Beyond mainstream: Making the case for fecal bacteriotherapy
Frank Myers MA, CIC

December 2011 
Volume 41  Number 12
Pages 50 - 53
  PDF Version Available!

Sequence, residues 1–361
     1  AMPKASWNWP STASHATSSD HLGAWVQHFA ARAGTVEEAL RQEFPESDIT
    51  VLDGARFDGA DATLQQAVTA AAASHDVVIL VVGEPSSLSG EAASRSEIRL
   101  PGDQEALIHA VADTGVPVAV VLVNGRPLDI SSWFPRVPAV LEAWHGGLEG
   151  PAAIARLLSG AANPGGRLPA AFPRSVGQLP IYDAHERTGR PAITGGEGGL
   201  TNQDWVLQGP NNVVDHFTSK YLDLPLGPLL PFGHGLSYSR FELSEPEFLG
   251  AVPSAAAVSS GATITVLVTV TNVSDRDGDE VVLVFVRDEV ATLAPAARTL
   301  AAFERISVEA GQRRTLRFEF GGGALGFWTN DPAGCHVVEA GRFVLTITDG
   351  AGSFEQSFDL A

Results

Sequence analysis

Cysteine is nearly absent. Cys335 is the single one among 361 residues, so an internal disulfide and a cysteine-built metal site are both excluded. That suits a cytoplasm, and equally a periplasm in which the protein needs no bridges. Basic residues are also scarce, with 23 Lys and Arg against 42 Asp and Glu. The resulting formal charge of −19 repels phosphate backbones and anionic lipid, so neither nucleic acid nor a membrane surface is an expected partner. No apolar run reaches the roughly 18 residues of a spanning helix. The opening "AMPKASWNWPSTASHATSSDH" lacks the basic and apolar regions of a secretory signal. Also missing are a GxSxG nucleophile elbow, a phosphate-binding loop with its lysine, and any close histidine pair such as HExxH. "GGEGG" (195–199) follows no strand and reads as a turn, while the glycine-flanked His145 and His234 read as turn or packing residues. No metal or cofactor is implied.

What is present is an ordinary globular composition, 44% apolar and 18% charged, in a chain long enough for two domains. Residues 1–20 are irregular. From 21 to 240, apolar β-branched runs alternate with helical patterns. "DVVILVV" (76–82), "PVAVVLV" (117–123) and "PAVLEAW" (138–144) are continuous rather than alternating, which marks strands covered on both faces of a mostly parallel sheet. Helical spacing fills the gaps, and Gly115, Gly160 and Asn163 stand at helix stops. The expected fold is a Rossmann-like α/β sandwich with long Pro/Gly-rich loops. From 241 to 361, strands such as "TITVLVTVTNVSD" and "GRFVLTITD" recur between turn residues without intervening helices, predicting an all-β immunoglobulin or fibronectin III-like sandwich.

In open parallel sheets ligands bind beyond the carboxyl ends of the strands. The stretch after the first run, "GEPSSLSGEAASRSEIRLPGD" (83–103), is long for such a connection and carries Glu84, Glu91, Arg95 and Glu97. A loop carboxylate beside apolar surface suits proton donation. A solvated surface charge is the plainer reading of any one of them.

FECAL TRANSPLANT, also known as fecal bacteriotherapy, is probably the most headline-grabbing treatment of Clostridium difficile-associated disease (CDAD). Building on the approach of probiotics, fecal bacteriotherapy entails using feces as medicine. Although doing so goes against most of western medicine's basic tenets, experts in infectious diseases and gastroenterology find merit in the procedure. In fact, at the 48th Annual Meeting of the Infectious Diseases Society of America, two leaders in the field of CDAD debated not on whether to do fecal transplant, but how...and in what circumstances.1Fecal bacteriotherapy targets bacterial interference within the bowel. C. difficile, an anaerobic, Gram-positive, spore-forming bacillus, invades and colonizes the gastrointestinal tract. Infection may precede or proceed gut insult from events such as antibiotic therapy or chronic Salmonella infection. In cases of chronic C. difficile, mainstream therapy usually fails and the patient experiences recurrent diarrhea, abdominal pain, nausea, vomiting, and bowel inflammation. Introducing normal bacterial flora from a healthy donor allows the patient's colon to recolonize with positive bacterial flora.To date, there have been just over 350 fecal transplants to treat CDAD.2 The first reported procedure for recurrent infection was published in U.S. medical literature in 2003, just as C. difficile illness rates were increasing, along with the strain's pathogenicity. In this study, 18 subjects had the feces administered through a nasogastric tube.3 Now, most fecal transplants (80%) are administered through colon oscopy. No randomized control trial comparing the two methods of administration has been conducted and published, but reported outcomes appear similar. Note, though, that methodological differences and patient selection criteria prevent either approach from claiming treatment rates as comparable, superior, or inferior to the other approach.Some clinicians claim that colon oscopy

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